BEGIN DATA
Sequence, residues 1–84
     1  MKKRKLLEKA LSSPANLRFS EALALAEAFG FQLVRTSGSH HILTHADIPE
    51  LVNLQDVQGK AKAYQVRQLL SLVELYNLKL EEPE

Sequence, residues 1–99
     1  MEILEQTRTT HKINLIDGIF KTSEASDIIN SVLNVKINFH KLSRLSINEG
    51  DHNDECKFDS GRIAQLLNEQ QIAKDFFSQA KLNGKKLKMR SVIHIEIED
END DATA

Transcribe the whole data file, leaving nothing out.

Sequence, residues 1–84
     1  MKKRKLLEKA LSSPANLRFS EALALAEAFG FQLVRTSGSH HILTHADIPE
    51  LVNLQDVQGK AKAYQVRQLL SLVELYNLKL EEPE

Sequence, residues 1–99
     1  MEILEQTRTT HKINLIDGIF KTSEASDIIN SVLNVKINFH KLSRLSINEG
    51  DHNDECKFDS GRIAQLLNEQ QIAKDFFSQA KLNGKKLKMR SVIHIEIED